Fri, 04 May 2001

May Day tests Pakistani leadership

By Gagan Deep

LONDON: May Day in Pakistan seems to have been too difficult an acid test of the democratic resolve of the country's military rulers. Despite Chief Executive Gen. Pervez Musharraf's promise two months ago that, as the Supreme Court had insisted, he would return Pakistan to democratic rule by October 2002, he banned May Day demonstrations in Karachi by the main opposition group -- the 16-party Alliance for the Restoration of Democracy (ARD) -- and arrested its leaders.

The general had made no secret of his irritation over the demonstrations. "Those who are useless should stay at home," he said at an official function in Pakistan's capital, Islamabad, "We will not tolerate instability".

Nor did the army let itself be taken unawares; arrests began a week ago all over Pakistan. According to Dawn, Pakistan's leading daily, 700 people had been arrested in Karachi and another 150 across Sind province alone. On April 30, thousands of police and paramilitary units sealed off the center of Karachi to prevent opposition party activists from getting to Nishtar Park, the planned venue for the rally. Small demonstrations around Empress Market were quickly crushed by more arrests.

According to Ejaz Shaffi, a former National assembly member and a senior ARD official, over 25,000 security force personnel had been deployed in Karachi alone in a major demonstration of the army's determination to contain the situation. Nor was this the first such demonstration. Last March, a similar opposition rally was blocked in Lahore, the capital of the Punjab, and the army continues to forbid any political activity throughout the country.

The army's intransigence has attracted international condemnation. The United States has voiced its concern and human rights groups have been more outspoken. Amnesty International pointed out that the rallies offered no threat to public order and no arrests should have been made. It called for the army's ban to be lifted. Pakistan's own independent Human Rights Commission added its voice to the condemnation of government repression there.

The muscular official response to ARD attempts to organize rallies and demonstrations has led observers to question whether the army's commitment to the restoration of democracy is genuine. Local elections are due to be completed in August, officially as part of the military's attempt to devolve power but mainstream political parties will not be allowed to participate. Interestingly enough, each of the new councils has guaranteed representation for religious groups and women, in an attempt to break away from corrupt male control of political life but the exclusion of the parties suggests that the army intends to retain its guiding hand over the political process.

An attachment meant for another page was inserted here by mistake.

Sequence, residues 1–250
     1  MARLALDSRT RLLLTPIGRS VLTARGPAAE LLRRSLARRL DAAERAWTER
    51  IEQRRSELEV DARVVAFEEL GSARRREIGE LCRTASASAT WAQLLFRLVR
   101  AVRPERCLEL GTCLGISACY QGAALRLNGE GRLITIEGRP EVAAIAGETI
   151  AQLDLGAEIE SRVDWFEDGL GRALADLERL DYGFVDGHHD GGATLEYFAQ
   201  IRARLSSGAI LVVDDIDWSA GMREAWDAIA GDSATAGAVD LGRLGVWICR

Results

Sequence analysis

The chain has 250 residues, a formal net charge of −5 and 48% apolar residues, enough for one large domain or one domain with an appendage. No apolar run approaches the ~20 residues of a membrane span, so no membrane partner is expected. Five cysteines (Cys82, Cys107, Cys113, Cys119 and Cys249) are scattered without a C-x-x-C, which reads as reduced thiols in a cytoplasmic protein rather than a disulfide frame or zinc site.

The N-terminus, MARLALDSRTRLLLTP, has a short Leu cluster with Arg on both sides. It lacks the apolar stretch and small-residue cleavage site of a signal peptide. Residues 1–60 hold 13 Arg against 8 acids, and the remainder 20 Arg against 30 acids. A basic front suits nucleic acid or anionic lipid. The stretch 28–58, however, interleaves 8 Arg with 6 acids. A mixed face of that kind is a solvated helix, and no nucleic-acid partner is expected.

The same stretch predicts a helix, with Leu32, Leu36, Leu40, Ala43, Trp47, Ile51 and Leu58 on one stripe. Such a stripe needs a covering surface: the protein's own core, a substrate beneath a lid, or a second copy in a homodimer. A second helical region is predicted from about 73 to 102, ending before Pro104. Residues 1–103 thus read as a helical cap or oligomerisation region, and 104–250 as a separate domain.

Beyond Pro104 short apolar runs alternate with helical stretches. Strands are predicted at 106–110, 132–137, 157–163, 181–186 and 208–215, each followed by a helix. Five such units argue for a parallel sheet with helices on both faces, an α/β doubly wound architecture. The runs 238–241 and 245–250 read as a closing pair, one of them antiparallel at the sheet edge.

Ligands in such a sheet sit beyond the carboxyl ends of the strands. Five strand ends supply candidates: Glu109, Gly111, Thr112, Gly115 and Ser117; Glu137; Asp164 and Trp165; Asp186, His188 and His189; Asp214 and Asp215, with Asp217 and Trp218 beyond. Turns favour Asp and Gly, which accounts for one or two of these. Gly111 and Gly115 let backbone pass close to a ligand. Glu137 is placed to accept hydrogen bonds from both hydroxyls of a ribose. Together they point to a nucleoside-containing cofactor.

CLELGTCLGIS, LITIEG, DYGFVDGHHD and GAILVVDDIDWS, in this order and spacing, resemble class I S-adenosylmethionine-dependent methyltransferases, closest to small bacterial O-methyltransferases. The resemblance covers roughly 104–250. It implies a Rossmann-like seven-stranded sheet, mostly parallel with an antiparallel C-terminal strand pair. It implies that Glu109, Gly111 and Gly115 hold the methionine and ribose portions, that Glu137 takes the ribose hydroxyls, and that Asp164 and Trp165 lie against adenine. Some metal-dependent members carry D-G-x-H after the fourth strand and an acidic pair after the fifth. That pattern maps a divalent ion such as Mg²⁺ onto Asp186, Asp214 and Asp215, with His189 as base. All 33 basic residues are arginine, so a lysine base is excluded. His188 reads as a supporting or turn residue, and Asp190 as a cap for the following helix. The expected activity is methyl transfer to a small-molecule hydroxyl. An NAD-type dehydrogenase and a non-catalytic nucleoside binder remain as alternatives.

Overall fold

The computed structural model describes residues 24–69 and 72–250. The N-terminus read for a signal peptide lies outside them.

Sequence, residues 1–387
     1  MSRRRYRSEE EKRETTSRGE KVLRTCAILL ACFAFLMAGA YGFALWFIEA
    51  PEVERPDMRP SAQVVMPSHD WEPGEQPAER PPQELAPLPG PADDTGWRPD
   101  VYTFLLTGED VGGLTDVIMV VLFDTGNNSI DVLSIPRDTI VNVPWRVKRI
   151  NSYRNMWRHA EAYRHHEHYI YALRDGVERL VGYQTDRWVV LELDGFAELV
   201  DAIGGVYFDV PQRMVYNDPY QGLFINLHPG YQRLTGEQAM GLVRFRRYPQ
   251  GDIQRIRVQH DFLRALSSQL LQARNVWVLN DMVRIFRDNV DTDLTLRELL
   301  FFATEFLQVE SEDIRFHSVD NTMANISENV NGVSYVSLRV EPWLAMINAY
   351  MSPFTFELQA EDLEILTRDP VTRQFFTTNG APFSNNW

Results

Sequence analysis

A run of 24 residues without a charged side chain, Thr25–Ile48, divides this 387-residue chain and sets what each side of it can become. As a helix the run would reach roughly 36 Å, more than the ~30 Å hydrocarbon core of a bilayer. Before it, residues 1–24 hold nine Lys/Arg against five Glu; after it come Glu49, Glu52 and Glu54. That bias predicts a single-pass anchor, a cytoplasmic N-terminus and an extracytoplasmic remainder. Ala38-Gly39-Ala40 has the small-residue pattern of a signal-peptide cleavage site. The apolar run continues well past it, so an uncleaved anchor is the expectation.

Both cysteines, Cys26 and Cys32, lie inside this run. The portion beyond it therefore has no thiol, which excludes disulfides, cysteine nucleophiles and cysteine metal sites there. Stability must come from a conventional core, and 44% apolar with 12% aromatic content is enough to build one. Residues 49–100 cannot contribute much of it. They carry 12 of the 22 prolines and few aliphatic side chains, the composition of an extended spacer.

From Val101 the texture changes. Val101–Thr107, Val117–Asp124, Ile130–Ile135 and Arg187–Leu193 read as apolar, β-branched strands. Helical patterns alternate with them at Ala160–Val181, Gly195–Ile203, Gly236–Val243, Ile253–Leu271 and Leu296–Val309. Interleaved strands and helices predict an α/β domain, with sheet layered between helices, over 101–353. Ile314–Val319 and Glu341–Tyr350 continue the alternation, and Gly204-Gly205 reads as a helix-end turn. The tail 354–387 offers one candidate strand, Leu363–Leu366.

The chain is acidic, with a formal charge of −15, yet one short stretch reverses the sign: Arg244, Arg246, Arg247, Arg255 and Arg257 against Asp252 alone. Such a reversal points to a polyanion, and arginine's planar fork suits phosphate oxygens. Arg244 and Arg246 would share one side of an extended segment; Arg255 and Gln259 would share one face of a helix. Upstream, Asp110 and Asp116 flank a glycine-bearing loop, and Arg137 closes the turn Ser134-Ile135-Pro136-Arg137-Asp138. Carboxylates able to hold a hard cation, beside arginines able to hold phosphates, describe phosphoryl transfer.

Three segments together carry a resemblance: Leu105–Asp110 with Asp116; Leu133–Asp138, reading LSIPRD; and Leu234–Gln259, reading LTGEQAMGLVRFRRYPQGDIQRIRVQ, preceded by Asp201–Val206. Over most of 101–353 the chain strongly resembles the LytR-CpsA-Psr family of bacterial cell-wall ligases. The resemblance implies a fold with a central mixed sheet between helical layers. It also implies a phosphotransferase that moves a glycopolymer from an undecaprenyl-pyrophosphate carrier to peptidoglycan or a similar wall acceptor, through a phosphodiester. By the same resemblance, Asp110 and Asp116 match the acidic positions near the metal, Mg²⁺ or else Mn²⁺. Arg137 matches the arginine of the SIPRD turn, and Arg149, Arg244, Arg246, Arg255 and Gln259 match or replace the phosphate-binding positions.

Since one of Gen. Musharraf's promises when he seized power was that he would root out corruption, this is hardly surprising. According to the government's spokesman, Maj. Gen. Rashid Qureshi, last January 10,500 civil servants had already been charged with corruption, mainly in provincial government.

It does not augur well for a real return to democracy, however, and the opposition parties have been quick to seize the army's past to illustrate the point. Both Gen. Ayub Khan, who seized power in the 1960s, and Gen. Zia ul-Haq, 20 years later, created nominated assemblies, rather than allowing for direct elections. Analysts fear that Gen. Musharraf may do the same and that the guaranteed representation for social and gender groups in the local councils is a first step in this direction.

To add to Pakistan's woes, a water shortage is having a severe effect on the cash-strapped country's economy. Rising fuel oil imports for thermal power generation and shrinking crop yields are also costing about US$1.1 billion a year, according to a recent statement by Pakistan's finance minister Shaukat Aziz.

He has, however, had some good news to report as well, for the IMF, at its recent meeting in Washington, has decided to renew its lending program to Pakistan. The program was cut off during the Kargil crisis and the military takeover in 1999 at American behest.

Now, however, the Bush administration has lifted its objections and $980 million is to be provided this year alone. A total of $180 million of this sum is for drought relief and the rest is in project and structural assistance. According to an editorial in Dawn recently, the Musharraf government's determination to carry out structural reform also helped to convince the IMF to renew its support.

No doubt Gen. Musharraf is sincere in his determination to achieve real change in Pakistan's creaking government and economy. But he faces the same problem as his predecessors.

In the end civilian politicians will have to take over and, if he does not accept them into the political arena soon, the tensions he faces in Lahore and Karachi today will become a real crisis that might even threaten the army's own credibility in the future.

-- Observer News Service